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Medicare scrum: Romney hits Gingrich, Dems hit Romney

Mitt Romney is getting pounded on the issue he’s using to pound Newt Gingrich.

Got that?

The issue is Medicare. And the artillery being shelled in all directions illustrates the precarious spot Romney, still the GOP frontrunner as far as Democrats are concerned, has found himself in.

For days now as Romney’s campaign has ratcheted up its attack on Gingrich, it has striven to assert that Romney is a reliable, hard-core conservative and not the spasmodic idea generator that Gingrich’s detractors paint him as.

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The fulcrum for the argument has been the budget blueprint crafted by Rep. Paul Ryan of Wisconsin and passed by the House earlier this year. The budget, which would radically reduce the scope of government, starve it of revenues, and reform Medicare into a private insurance system known as a premium-support plan, has become a sort of litmus test in some circles on the purity of one’s conservatism.

On Friday, the Romney campaign was at it again, releasing a web video that celebrates Ryan as a Republican hero and replaying Gingrich’s remarks last spring on “Meet the Press” in which he derided the Ryan plan as “right-wing social engineering.” (Watch video below.)

Here’s the problem. While the Ryan budget may be popular in some Republican circles, it faces considerably more hostility from voters at large, who bend over backward to tell pollster after pollster that they like their Medicare the way it is.

Which means that the more Mitt Romney goes on the record giving Ryan and his budget a bear-hug, the more Democratic operatives and the Obama reelection machine like it. And indeed, Romney supporter John Sununu, the former New Hampshire governor and White House aide, seemed to suggest that Romney and Ryan have mind-melded on entitlement reform in a call with reporters this week.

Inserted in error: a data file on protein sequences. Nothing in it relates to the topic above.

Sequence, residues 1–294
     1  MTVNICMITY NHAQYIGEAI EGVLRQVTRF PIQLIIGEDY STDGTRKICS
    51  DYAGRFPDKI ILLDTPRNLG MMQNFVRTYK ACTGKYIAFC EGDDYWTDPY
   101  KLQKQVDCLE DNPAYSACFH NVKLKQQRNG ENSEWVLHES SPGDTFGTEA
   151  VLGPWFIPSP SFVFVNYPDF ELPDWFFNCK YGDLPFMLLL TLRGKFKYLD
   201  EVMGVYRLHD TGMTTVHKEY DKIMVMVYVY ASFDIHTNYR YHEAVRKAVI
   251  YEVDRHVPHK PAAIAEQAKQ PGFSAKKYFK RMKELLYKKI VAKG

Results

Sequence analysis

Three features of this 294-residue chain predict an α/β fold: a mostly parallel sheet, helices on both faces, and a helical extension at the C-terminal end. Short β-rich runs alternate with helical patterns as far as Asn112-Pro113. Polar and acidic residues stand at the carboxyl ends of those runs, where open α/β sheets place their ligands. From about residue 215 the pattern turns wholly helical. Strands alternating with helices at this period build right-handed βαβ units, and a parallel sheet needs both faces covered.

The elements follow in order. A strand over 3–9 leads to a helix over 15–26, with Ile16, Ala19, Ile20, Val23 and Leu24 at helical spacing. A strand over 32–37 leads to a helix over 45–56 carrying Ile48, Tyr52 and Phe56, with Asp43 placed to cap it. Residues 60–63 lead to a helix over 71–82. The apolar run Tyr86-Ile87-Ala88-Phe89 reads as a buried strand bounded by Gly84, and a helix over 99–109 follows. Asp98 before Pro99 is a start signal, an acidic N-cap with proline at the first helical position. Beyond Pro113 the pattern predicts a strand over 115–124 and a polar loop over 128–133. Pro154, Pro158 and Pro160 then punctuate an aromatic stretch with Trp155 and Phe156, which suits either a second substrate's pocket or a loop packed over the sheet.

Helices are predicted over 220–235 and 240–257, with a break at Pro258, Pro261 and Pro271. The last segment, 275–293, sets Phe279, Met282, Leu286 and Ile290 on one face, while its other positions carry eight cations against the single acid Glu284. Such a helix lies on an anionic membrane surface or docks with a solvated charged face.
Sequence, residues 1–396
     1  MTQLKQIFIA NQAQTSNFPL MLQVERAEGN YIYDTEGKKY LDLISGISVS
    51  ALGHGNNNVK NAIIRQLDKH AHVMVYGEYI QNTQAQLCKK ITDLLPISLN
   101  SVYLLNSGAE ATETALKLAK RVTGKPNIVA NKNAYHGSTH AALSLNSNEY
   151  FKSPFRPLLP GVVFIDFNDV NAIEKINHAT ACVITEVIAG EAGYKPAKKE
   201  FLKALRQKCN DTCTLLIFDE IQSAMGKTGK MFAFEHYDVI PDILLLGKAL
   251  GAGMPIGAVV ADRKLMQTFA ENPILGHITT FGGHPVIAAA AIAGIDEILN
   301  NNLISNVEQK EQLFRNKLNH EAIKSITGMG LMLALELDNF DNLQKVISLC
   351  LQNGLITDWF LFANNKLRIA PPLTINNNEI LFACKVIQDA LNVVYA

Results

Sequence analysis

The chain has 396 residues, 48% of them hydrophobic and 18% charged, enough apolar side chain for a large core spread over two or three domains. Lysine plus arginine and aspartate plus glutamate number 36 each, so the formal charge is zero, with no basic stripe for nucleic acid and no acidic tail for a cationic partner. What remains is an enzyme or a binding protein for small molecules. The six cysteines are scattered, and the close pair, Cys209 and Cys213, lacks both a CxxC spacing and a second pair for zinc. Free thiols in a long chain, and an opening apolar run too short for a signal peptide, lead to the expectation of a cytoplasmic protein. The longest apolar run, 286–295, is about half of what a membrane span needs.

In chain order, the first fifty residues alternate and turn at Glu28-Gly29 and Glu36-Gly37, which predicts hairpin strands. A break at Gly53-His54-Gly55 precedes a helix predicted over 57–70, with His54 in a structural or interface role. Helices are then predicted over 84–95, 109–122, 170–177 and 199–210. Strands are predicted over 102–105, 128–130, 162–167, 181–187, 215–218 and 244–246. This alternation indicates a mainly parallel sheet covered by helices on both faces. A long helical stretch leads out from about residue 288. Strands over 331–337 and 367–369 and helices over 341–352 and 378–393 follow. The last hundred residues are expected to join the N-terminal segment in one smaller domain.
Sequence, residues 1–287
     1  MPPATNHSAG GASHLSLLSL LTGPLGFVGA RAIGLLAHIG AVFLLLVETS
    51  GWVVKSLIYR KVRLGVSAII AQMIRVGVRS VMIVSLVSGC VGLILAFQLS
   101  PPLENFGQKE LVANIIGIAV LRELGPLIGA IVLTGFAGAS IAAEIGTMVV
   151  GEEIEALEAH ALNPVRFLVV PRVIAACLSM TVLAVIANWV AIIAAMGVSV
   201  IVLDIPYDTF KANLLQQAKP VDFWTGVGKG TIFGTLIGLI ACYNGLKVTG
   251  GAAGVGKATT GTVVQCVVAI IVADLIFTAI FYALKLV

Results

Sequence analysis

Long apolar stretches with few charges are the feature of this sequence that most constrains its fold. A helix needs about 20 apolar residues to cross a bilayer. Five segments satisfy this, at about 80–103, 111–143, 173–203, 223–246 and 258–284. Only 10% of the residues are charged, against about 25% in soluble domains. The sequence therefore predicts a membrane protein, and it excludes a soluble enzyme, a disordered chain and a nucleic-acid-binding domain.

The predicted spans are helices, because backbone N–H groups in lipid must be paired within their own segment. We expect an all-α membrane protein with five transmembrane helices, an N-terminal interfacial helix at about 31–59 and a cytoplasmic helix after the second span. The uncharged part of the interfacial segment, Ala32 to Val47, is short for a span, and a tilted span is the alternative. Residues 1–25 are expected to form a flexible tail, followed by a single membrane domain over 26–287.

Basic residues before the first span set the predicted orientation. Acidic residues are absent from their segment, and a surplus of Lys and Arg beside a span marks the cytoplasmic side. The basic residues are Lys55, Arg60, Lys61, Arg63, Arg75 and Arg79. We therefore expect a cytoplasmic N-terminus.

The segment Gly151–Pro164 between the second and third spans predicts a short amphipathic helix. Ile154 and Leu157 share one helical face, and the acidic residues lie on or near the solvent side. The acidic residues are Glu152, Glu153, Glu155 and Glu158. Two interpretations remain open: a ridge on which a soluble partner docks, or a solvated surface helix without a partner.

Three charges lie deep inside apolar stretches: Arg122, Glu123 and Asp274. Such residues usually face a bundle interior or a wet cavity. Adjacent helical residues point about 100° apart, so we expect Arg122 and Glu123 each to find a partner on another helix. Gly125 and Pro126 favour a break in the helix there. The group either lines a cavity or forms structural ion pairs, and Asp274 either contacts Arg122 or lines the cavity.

“Mitt Romney had his own package of entitlement reform, which Paul Ryan has praised. They both meshed together. They are both based on really understanding entitlement reform,” Sununu said.

Romney’s own healthcare reform plan (which involves, yes, repealing the Democratic healthcare overhaul, he says) also involves reshaping Medicare to add a private insurance option, but he also has suggested he would preserve the government-run system for seniors. The closer he draws then to sounding like the Ryan plan is his plan, the more he may risk exposing himself to attack during a general election contest with Obama. And Democratic advocacy groups have been filling the inboxes of political reporters all week making sure that message is loud and clear.

As for Gingrich, you might recall that he tried to quiet the furor his anti-Ryan remarks ignited by walking back from them to some degree and then making nice with Ryan himself. He even went so far to suggest that quoting him on his “Meet the Press” appearance would be tantamount to misrepresentation, warning that “any ad” using his words “is a falsehood.”

At the time, Gingrich was likely talking about Democratic attack ads. As it turns out, however, it appears Romney was the one he needed to worry about.

Watch the Romney ad here:


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